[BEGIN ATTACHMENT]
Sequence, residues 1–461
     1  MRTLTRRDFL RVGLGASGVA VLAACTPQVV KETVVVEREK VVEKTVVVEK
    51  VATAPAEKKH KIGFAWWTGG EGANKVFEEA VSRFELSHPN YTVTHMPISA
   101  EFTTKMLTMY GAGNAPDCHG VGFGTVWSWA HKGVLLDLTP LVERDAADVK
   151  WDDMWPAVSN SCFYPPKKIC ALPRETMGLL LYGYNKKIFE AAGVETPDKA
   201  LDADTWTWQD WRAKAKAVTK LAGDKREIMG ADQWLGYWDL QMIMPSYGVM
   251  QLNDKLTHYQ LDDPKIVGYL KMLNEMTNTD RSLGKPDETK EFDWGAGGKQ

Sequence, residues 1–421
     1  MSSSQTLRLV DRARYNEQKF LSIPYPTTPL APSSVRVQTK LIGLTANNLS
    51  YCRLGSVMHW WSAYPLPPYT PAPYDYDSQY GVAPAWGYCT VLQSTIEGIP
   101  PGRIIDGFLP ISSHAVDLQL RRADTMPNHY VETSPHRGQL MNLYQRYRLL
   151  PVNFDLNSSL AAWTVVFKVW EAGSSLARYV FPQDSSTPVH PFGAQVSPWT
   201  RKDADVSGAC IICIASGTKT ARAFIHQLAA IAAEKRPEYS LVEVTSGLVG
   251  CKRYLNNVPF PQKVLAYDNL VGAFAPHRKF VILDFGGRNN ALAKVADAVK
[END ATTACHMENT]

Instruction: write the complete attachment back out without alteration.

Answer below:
Sequence, residues 1–461
     1  MRTLTRRDFL RVGLGASGVA VLAACTPQVV KETVVVEREK VVEKTVVVEK
    51  VATAPAEKKH KIGFAWWTGG EGANKVFEEA VSRFELSHPN YTVTHMPISA
   101  EFTTKMLTMY GAGNAPDCHG VGFGTVWSWA HKGVLLDLTP LVERDAADVK
   151  WDDMWPAVSN SCFYPPKKIC ALPRETMGLL LYGYNKKIFE AAGVETPDKA
   201  LDADTWTWQD WRAKAKAVTK LAGDKREIMG ADQWLGYWDL QMIMPSYGVM
   251  QLNDKLTHYQ LDDPKIVGYL KMLNEMTNTD RSLGKPDETK EFDWGAGGKQ

Sequence, residues 1–421
     1  MSSSQTLRLV DRARYNEQKF LSIPYPTTPL APSSVRVQTK LIGLTANNLS
    51  YCRLGSVMHW WSAYPLPPYT PAPYDYDSQY GVAPAWGYCT VLQSTIEGIP
   101  PGRIIDGFLP ISSHAVDLQL RRADTMPNHY VETSPHRGQL MNLYQRYRLL
   151  PVNFDLNSSL AAWTVVFKVW EAGSSLARYV FPQDSSTPVH PFGAQVSPWT
   201  RKDADVSGAC IICIASGTKT ARAFIHQLAA IAAEKRPEYS LVEVTSGLVG
   251  CKRYLNNVPF PQKVLAYDNL VGAFAPHRKF VILDFGGRNN ALAKVADAVK